By Richard Daley
Recently, during a conversation with a group of people, one person began to discourse on “fashionable trends” they considered well-being related.
Essentially, their position was that yoga, meditation and veganism were cool things to do. They then stated that the appearance of these modalities in popular culture would eventually fade out. This was not the first time I have heard this position voiced.
Diet arguments aside, the word yoga was first mentioned over 5,000 years ago in early texts of the Vedic religion and was practiced by the Indo-Aryans in Northern India. Of this religion, and other elements, Hinduism was eventually born. In regards to our internal state, yoga is a spiritual activity which helps many of us on our journeys. Maybe in the current atmosphere it is not always a spiritual journey, but a journey indeed. Yoga is also sought out for its physical benefits, and some simply enjoy it as exercise.
Meditation has been practiced for thousands of years, in varying philosophical and religious traditions.
Modern Mindfulness has been very successful in bringing people from all walks of life into the light regarding the benefits of meditation. These practices indeed may have roots in traditional Buddhist meditative tradition, but most of them have been secularized which helps people connect with meditation without any dogma or worry. It also helps people across all faiths feel comfortable tapping into this valuable practice.
The 72-year old Tibetan monk and scientist Matthieu Ricard has been coined “The World’s Happiest Man” (a title he rejects) based on brain scan studies done on him while meditating. These scans show remarkable activity in the left prefrontal cortex of the brain, which is associated with positive emotions. These scans also show suppressed activity in the right hemisphere of the brain, which is associated with negative emotions and the wandering mind.
Both of these practices have been around for thousands of years, and I certainly do not agree that they are trends.
I do think that these two habits can certainly help many of us in becoming happier, healthier people, however that shouldn’t be the core reason we practice them. They are bigger than that. They are a lifestyle choice that brings benefits beyond becoming more kind, and more calm. They give us a secure base, a means to cope; oftentimes the tools to grow out of fixed habits or views and much more.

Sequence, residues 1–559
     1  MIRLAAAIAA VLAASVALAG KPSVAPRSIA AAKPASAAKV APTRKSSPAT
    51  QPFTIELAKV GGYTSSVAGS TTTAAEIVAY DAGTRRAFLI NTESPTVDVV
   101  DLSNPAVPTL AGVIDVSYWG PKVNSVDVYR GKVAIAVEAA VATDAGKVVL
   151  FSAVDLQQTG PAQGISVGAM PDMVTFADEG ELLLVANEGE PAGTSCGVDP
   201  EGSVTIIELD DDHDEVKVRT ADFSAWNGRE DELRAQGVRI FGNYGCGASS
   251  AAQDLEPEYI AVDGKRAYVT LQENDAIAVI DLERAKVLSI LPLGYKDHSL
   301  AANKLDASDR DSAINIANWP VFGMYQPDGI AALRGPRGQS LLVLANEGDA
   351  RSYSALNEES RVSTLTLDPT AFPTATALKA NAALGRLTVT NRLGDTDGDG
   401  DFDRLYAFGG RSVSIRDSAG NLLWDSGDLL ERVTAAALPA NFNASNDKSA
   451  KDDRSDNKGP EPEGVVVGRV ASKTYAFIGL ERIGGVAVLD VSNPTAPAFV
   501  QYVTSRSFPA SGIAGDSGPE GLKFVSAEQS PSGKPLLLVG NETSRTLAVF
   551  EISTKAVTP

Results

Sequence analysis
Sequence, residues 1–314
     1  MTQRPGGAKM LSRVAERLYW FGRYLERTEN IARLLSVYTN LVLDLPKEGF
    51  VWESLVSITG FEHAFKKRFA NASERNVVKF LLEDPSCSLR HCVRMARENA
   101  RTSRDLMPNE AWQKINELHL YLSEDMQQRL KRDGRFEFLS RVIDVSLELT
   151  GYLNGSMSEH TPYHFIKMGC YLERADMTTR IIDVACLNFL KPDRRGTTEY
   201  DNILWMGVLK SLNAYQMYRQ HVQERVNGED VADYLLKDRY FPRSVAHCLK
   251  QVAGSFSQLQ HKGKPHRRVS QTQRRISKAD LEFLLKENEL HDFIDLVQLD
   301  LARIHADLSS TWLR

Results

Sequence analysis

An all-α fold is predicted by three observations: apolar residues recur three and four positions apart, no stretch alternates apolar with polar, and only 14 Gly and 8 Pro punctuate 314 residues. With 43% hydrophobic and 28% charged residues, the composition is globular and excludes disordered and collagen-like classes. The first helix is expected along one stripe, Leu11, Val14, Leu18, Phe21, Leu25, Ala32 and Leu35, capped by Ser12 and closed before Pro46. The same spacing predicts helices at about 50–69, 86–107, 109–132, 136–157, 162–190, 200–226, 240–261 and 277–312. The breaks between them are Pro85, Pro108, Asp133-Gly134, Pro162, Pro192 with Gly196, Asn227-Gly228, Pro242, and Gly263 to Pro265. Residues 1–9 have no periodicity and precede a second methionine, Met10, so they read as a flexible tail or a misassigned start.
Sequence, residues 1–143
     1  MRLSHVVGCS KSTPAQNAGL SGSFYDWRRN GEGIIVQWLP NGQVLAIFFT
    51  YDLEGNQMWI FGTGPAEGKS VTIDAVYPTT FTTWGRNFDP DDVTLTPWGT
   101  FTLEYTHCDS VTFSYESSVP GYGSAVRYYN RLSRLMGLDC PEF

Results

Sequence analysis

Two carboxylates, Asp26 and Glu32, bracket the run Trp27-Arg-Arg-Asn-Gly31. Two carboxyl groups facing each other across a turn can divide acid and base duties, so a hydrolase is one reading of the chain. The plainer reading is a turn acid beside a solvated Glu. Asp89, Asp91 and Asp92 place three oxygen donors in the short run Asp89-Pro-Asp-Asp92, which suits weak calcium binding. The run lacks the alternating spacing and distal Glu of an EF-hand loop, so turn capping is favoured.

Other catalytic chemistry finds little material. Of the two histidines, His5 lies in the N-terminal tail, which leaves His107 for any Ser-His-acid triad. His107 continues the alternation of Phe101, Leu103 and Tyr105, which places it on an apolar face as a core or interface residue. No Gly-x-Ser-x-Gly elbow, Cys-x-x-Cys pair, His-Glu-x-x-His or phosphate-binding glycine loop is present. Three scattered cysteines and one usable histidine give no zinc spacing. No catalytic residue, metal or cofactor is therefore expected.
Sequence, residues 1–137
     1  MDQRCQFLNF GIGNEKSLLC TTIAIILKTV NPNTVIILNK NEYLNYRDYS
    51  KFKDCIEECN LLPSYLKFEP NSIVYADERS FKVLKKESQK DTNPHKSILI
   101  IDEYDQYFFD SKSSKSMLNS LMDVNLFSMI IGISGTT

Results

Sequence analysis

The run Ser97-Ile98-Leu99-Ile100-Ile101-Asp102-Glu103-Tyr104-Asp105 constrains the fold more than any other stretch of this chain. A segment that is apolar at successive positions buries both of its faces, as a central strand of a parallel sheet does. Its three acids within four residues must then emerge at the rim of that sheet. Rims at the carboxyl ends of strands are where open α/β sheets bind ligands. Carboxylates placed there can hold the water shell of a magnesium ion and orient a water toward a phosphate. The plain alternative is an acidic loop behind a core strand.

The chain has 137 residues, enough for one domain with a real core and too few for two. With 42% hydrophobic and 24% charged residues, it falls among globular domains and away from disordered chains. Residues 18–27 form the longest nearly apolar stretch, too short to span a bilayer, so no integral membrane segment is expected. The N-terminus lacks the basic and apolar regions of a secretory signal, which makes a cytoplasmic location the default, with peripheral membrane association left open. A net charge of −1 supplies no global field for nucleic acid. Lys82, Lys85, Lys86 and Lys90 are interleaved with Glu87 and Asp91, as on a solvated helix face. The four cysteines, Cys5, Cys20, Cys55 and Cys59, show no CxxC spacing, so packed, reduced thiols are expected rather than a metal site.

We tend to label things.
Sometimes we do this to make ourselves more comfortable with our inability to see through our own ignorance. Looking straight at reality may involve a more in-depth look at our own state of being, and may shed light on painful or repressed issues we prefer not to deal with.
Even with positive empirical evidence available, these activities can be seen as weird or unusual to some. They garner tags or labels that do no justice to their true purpose. Maybe the truth is anything that bolsters our well-being is not always well received into the American repertoire of thought. Maybe the truth is that in lieu of self-analysis people seek chemical means of adjustment, or useless material objects to satisfy their craving.
It is sad to say that habits like being a workaholic, going to the bar five nights a week, or the constant pursuit of gratification on social media platforms are not typically victims of these tirades or contentious prejudices.
We have been taught from a young age (some, or most of us) to grow up and find a way to generate money in order to live a great life. Maybe age-old systems of taking care of oneself like yoga, meditation, ayurveda, tai chi or many others, can help us live a great life?
Maybe the anathema of this all, in the view of the capitalist machine, is that these can be cultivated for free. There doesn’t need to be something to buy. A lot of time is spent learning to articulate the ability to generate profits for businesses or to obtain material objects, and somewhere during this process people forget about their own happiness.
Thankfully, and if we choose to, we can look for the communities and like-minded individuals who want to share these skills with us, and we can develop them.
Editor: Dana Gornall
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